We assume life started as a single cell, again a lucky bonding of elements in motion, and evolved. At first in water, and over the course of billions of years and several extinction events mammals evolved. The first primate we know of is called the purgatorious, to the best of our scientific knowledge and history we evolved into our current homo sapien form from here.
If gods were real, are their origin stories not immediately negated by what we now know of science? Was the earth created in 7 days? Is it Thor that makes lightning with a hammer? Is our planet held aloft in the cosmos on the shoulders of an unfathomably large man? Of course not.
Is magic real? Is there any evidence whatsoever that magic is real? None. Zero. Never has been. But religion demands that it exists, or at least it did exist once upon a long unverifiable time ago.
It is vastly more plausible that humans need an afterlife story to ease the fear of mortality. A beacon to easily follow to stay out of trouble. Far more explainable as a tool of the regional government to police and fleece. A tool so powerful you can convince people to fight, kill, and die for it. Now, because the god spoke to you, you have loyal subjects that will not only protect your castle, they will go out and claim your neighbor's land and resources in the name of saving their souls by exposing them to your region's benevolent god.
It makes more sense that god is the evolution of stories from times of ignorance. It no longer has a place in evolved educated thought. It is my sincere wish that people would consider this before allowing their government to be installed by religious organizations. Organizations clever enough to be funded by loyal subjects with the most valuable resources. Like say, oil. If you control the government that makes the laws, and the resource that garners the most wealth and therefore power is questioned, it is in the interest of the church to make permissive laws to aid the effort in obtaining that resource.
So we squash clean fuel sources in favor of once coal now oil. Why? Money. It's easy to do because the methods of controlling popular thought are centuries old. Introduce doubt on a topic's validity to popular opinion like say, branding it a conspiracy. Say that to a believer and he will dismiss any and all logic presented to them. As many people will dismiss this wall of verifiable text.
Now you go."
DOC3 - More Facts and Questions (Part 3)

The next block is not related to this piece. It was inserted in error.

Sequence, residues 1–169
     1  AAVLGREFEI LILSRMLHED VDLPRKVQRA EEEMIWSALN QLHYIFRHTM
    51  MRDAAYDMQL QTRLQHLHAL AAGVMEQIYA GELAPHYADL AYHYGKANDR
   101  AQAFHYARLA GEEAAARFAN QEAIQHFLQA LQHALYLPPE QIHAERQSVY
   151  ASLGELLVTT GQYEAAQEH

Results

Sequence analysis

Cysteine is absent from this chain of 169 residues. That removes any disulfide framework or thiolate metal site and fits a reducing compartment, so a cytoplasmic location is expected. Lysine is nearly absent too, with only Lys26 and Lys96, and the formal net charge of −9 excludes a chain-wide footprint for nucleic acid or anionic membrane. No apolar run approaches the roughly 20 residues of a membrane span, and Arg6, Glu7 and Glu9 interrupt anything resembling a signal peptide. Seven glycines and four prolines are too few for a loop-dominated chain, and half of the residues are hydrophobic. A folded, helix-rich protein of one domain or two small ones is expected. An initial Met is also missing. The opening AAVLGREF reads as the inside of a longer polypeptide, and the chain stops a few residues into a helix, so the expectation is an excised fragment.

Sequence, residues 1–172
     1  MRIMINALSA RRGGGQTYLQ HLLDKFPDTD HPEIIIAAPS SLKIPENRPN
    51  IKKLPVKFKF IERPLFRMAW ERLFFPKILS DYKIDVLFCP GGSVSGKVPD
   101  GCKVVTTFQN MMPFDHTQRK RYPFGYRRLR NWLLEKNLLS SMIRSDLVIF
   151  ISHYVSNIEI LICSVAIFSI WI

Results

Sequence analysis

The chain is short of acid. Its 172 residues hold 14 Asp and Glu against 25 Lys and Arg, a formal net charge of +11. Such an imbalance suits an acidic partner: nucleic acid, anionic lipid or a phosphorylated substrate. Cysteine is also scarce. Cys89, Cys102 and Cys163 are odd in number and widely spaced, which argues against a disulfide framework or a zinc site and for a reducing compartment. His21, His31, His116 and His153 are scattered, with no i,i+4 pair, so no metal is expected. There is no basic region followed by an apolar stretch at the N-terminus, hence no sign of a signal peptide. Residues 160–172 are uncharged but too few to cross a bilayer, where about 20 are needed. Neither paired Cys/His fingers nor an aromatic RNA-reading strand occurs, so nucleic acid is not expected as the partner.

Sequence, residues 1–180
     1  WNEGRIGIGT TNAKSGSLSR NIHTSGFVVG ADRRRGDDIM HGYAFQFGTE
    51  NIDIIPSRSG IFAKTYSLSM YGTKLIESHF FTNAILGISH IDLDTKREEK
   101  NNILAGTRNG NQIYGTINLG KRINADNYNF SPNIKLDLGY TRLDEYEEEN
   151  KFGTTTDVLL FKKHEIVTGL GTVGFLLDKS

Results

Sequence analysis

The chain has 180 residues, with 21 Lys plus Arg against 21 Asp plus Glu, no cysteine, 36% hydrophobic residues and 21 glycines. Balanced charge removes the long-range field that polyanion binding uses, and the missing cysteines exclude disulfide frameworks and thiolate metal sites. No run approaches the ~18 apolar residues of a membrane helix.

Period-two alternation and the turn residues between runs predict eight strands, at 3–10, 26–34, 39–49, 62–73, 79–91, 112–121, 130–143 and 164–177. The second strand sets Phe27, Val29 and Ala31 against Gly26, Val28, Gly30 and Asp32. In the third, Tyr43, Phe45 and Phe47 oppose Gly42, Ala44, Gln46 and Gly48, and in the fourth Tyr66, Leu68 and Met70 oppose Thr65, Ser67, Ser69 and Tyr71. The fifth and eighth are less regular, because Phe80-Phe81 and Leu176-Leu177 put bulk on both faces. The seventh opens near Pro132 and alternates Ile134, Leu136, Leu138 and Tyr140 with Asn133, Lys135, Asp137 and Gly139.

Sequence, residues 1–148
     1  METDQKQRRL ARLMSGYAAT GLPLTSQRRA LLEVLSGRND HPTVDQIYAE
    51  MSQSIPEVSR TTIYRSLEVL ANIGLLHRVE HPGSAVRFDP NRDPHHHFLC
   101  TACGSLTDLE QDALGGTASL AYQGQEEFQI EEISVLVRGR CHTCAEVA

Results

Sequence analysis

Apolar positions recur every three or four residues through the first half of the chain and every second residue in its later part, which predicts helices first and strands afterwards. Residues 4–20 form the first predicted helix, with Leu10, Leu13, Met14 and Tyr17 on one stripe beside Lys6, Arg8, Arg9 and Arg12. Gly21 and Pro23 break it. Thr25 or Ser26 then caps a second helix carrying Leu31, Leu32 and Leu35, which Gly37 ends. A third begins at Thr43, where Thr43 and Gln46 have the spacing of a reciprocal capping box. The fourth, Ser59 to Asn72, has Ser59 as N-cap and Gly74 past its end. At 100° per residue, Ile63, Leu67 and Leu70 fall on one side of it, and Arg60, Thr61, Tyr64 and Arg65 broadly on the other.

Paris Climate Deal
(Whoever was involved wanted to at least appear to want world temperatures to decrease soon: Me, Ob, Ma, Xi, P etc. Trump cancelled it because he does not want world temperatures to decrease soon. He knows the world is burning and is a smart man, so logically, he must want these apocalyptic conditions to continue and even worsen. No country except China is on track.)
Q: Why does Trump and those around him explicitly oppose the logical plan to decrease global temperatures, stop the melting of the ice caps and the devastation being caused?
Q: Why do other leaders who appear to want world temperatres to decrease make decisions that do the opposite?
Iran nuclear Deal
(Whoever was involved wanted Iran to become more powerful on world stage: Merkel, Obama, Macron, Xi, P etc. Trump cancelled it because he does not want Iran - Home of Shia Islam - to become more powerful on the world stage.)
New Pope is decided democratically each time a Pope dies. It is possible to infiltrate.
Last Pope was ex-Nazi Death Camp Soldier, who was involved in the Holocaust.
Is the best private school in the UK. It was established in 1440 by Henry VI and is situated approximately 1,000 metres from Windsor Castle, home to the Royal family.
The Queen Mother, was known to drop by often.
The Provost of Eton School during Boris Johnson's time, was the ex-Private Secretary of The Queen.
Dominated by a specific religion
Dominated by a specific religion
Domination by a specific religion
Dominated by a specific religion
Dominated by a specific religion
Formed in the aftermath of the war in former-Yugoslavia
Bill Clinton instrmental in forming international coalition that stopped the bloodshed and saved many lives, incluuding the poplation which now inhabit Kosovo.
Population dominatin by a specific religion.
OTHER NOTEWORTHY THINGS
Stock markets are at all time highs despite multiple threats to economic stability including war with Iran, trade war with China, Climate change and natural disastors, Brexit, populist protests in HK, France etc.